Base-line income system established
The Portuguese Government is planning to extend its "base-line" minimum income system to the whole country, and there are calls for greater involvement by the social partners in its operation.
The establishment of the "base-line" minimum guaranteed income system (Rendimento Minimo Garantido, or RMG) was included in the manifesto of the current Socialist Government, which was elected for a four-year term in October 1995. The RMG was held up as one of its most important innovations in social policy, in line with Recommendation 92/441/EEC of the EU Council of Ministers, on sufficient resources and social assistance in social protection schemes, which called for a right to a minimum base-line income to cover essential needs as part of member states' social security systems. The RMG is therefore quite separate from the Portugal's national minimum wage (salario minimo garantido), which covers the minimum rates that employers must pay their employees (see Record PT9702102F).
The launch of the RMG was expressly included as one of the social security measures set out in the tripartite national "Short-Term Social Concertation Agreement" negotiated in the Standing Committee for Social Dialogue of the Economic and Social Council on 24 January 1996. It was agreed by the Government, the three employers' confederations - CIP (industry), CAP (agriculture) and CCP (commerce) - and the UGT (General Workers' Union) trade union confederation.
The RMG was formally enacted by Law 19-A/96 of 29 June 1996. However, a pilot stage was to precede its actual introduction, so as to establish the conditions required to ensure an even-handed approach to its administration and development. Therefore, between 1 July 1996 and 1 July 1997, the RMG is being introduced through a series of experimental social action pilot schemes (governed by Order no. 237-A/96 of 1 July 1996).
Referring to this experimental phase, the recent "Short-Term Strategic Social Pact" - negotiated at the end of 1996 - also includes a reference to the RMG and provides for the "systematic monitoring of the RMG's experimental phase, coordinated with policies to develop employment and skills". This pact was also agreed under the aegis of the Economic and Social Council by the Government and employers' and union confederations, except for the CGTP (General Confederation of Portuguese Workers)
Promoting social integration through work
Created as one of the means of combating poverty and exclusion from society, the RMG is based on the implementation of two interconnected mechanisms: the provision of a cash benefit, which is variable and temporary, and a social integration programme. The former is aimed at ensuring that the minimum needs of individuals and their families are met. The latter is aimed at their gradual integration into work and society, mainly through employment. In this respect, it is worth noting that Portugal has chosen to follow the model contained in the EU Council Recommendation, whereby in most situations the awarding of a base-line income should be dependent on active availability for work or vocational training, with the aim of securing a job.
This means that the RMG has been conceived as an element in the fight against marginalisation by ensuring the integration of individuals into society, preferably through work, by obtaining a job or at least by establishing the conditions required to secure employment. Such conditions will be attainable by attending vocational training activities or by making use of the education system, or alternatively by taking up designated temporary jobs. These may help beneficiaries either to move into the labour market itself or to readjust to the world of work.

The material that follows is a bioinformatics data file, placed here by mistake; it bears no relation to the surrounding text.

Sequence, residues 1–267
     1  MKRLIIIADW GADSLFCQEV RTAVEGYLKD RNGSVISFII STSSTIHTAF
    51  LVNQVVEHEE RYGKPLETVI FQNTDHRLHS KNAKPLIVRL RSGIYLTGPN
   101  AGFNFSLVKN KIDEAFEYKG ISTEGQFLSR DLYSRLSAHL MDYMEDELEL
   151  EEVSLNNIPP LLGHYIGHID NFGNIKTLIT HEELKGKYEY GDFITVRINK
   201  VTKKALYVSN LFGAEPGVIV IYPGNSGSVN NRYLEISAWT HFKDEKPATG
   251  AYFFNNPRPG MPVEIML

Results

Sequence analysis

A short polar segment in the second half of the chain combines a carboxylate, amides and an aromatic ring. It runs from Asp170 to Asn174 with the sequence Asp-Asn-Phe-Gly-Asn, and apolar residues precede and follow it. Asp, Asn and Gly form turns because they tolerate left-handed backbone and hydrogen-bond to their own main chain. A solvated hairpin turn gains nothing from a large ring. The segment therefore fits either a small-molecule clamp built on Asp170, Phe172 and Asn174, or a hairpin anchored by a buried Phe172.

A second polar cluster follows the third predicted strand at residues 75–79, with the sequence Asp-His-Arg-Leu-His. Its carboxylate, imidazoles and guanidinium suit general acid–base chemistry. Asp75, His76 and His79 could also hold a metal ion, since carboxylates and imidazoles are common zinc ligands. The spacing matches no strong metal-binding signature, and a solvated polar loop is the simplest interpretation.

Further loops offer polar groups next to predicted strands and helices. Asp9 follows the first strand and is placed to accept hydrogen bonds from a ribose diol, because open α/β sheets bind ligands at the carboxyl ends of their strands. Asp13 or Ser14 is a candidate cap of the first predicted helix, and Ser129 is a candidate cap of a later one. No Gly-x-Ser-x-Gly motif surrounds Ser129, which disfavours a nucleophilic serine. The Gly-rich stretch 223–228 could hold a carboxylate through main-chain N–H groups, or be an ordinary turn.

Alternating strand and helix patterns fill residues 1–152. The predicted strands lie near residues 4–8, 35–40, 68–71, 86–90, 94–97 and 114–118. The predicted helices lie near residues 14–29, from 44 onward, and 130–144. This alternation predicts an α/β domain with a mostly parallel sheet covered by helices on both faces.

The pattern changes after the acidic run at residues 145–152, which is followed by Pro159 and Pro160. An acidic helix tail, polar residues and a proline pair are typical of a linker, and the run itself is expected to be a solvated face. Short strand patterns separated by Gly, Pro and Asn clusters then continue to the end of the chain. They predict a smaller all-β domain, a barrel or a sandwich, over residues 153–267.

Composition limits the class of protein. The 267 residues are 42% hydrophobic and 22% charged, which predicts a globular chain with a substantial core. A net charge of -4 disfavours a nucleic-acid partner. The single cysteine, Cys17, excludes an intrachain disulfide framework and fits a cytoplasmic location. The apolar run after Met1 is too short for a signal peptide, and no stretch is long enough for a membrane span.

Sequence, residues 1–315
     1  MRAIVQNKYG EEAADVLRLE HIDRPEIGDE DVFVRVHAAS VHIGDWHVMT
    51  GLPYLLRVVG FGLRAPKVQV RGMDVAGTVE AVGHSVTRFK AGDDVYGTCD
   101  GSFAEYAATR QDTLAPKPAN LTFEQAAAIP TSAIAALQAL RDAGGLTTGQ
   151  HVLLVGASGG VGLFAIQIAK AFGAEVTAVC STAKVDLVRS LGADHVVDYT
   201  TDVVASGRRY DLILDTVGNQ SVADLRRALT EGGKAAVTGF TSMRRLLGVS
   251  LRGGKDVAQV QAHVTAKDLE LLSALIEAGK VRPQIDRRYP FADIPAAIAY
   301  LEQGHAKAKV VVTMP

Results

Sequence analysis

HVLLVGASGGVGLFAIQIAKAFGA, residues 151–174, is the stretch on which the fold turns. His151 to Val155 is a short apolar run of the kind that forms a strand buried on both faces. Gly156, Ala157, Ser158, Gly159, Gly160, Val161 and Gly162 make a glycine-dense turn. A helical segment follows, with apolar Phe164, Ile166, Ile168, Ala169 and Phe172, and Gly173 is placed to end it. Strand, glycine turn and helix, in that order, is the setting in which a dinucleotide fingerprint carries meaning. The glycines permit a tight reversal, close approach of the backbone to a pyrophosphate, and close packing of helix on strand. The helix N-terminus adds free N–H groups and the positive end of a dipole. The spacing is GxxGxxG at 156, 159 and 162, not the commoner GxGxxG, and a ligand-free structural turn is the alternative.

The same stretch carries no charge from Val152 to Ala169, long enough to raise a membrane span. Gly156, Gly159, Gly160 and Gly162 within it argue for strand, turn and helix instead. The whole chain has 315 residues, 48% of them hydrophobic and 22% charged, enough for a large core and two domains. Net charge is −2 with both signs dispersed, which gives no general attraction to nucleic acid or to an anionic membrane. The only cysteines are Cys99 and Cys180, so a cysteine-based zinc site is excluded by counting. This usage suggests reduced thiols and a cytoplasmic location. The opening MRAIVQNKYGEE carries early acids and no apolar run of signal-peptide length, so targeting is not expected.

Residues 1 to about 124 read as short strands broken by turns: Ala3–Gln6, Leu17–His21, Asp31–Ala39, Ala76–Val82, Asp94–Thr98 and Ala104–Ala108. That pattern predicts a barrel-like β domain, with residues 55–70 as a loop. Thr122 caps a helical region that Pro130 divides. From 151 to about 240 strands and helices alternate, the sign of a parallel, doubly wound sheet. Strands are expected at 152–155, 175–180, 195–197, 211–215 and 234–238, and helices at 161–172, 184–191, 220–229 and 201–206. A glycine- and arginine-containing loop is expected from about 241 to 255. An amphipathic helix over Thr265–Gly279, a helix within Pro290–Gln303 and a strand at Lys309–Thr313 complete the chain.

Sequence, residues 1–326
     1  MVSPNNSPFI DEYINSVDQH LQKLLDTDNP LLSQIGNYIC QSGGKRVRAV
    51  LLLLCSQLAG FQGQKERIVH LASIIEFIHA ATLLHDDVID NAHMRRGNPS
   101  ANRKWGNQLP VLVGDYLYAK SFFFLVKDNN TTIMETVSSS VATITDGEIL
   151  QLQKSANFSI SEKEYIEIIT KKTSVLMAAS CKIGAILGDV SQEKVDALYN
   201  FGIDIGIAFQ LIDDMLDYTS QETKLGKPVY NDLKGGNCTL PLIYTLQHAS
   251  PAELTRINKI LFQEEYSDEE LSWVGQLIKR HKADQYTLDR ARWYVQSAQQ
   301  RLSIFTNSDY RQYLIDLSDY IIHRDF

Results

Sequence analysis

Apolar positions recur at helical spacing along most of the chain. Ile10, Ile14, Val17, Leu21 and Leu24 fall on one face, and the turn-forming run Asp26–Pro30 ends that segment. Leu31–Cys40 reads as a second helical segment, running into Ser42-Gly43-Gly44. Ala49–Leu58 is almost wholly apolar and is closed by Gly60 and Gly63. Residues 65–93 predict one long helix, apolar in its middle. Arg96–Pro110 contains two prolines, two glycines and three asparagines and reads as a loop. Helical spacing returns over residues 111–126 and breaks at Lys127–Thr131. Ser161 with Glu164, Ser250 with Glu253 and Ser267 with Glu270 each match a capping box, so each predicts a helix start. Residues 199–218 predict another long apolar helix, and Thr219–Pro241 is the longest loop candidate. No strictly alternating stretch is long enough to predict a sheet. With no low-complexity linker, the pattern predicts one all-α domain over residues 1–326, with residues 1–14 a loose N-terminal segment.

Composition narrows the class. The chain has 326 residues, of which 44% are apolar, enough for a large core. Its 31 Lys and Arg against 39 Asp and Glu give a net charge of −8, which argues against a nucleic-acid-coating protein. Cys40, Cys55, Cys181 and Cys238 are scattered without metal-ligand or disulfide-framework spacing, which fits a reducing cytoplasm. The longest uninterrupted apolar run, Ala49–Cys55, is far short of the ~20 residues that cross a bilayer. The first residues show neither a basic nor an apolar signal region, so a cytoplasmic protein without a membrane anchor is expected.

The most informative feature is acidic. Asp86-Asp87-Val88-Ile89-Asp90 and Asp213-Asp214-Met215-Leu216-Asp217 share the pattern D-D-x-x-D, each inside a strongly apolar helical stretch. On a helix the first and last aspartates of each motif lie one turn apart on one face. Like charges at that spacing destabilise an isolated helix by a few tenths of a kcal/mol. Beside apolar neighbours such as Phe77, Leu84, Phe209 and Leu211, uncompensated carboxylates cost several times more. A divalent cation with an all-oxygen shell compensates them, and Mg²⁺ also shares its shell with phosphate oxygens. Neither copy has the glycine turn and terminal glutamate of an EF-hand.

Involvement of the social partners
The link between the RMG and the labour market is one of the main reasons for the institutional involvement of the social partners in the system. Indeed, the assumption that underpins the RMG is that, as an element in the social security system, individuals can be integrated into society through work and so become well-rounded people with paid jobs either as employees or as entrepreneurs. Thus, trade union and employers' confederations are members of the National Commission for the Base-line Income (CNRM), the organisation responsible for applying the law governing the RMG. Moreover, employers' and union associations also have the chance to sit on local monitoring committees, which are municipally based and responsible for approving social integration programmes, organising the means necessary for carrying out such programmes and evaluating their implementation.
In the first six months of the experimental phase of the RMG, several dozen pilot schemes were launched, covering over 100 municipal boroughs. According to the Ministry of Welfare and Social Security, the launch phase has been highly successful, enabling it to guarantee that by the end of the experimental period the RMG will be extended to cover the whole of Portugal.
A significant contribution to the success of these initial experiments was made by the hard work of local authorities and a number of private social welfare institutions, as well as the activities of organisations linked to the ministries involved in the RMG system.
However, the chair of the CNRM notes that the involvement of companies and union associations in the pilot schemes was not particularly great, and that more interest on the part of the social partners in introducing the RMG needs to be encouraged, as the question of social integration is not just a problem for the state, but also for society and the market. The main difficulties encountered in introducing the projects were in the major urban centres, particularly in and around Lisbon and Porto. Pedro Furtado Martins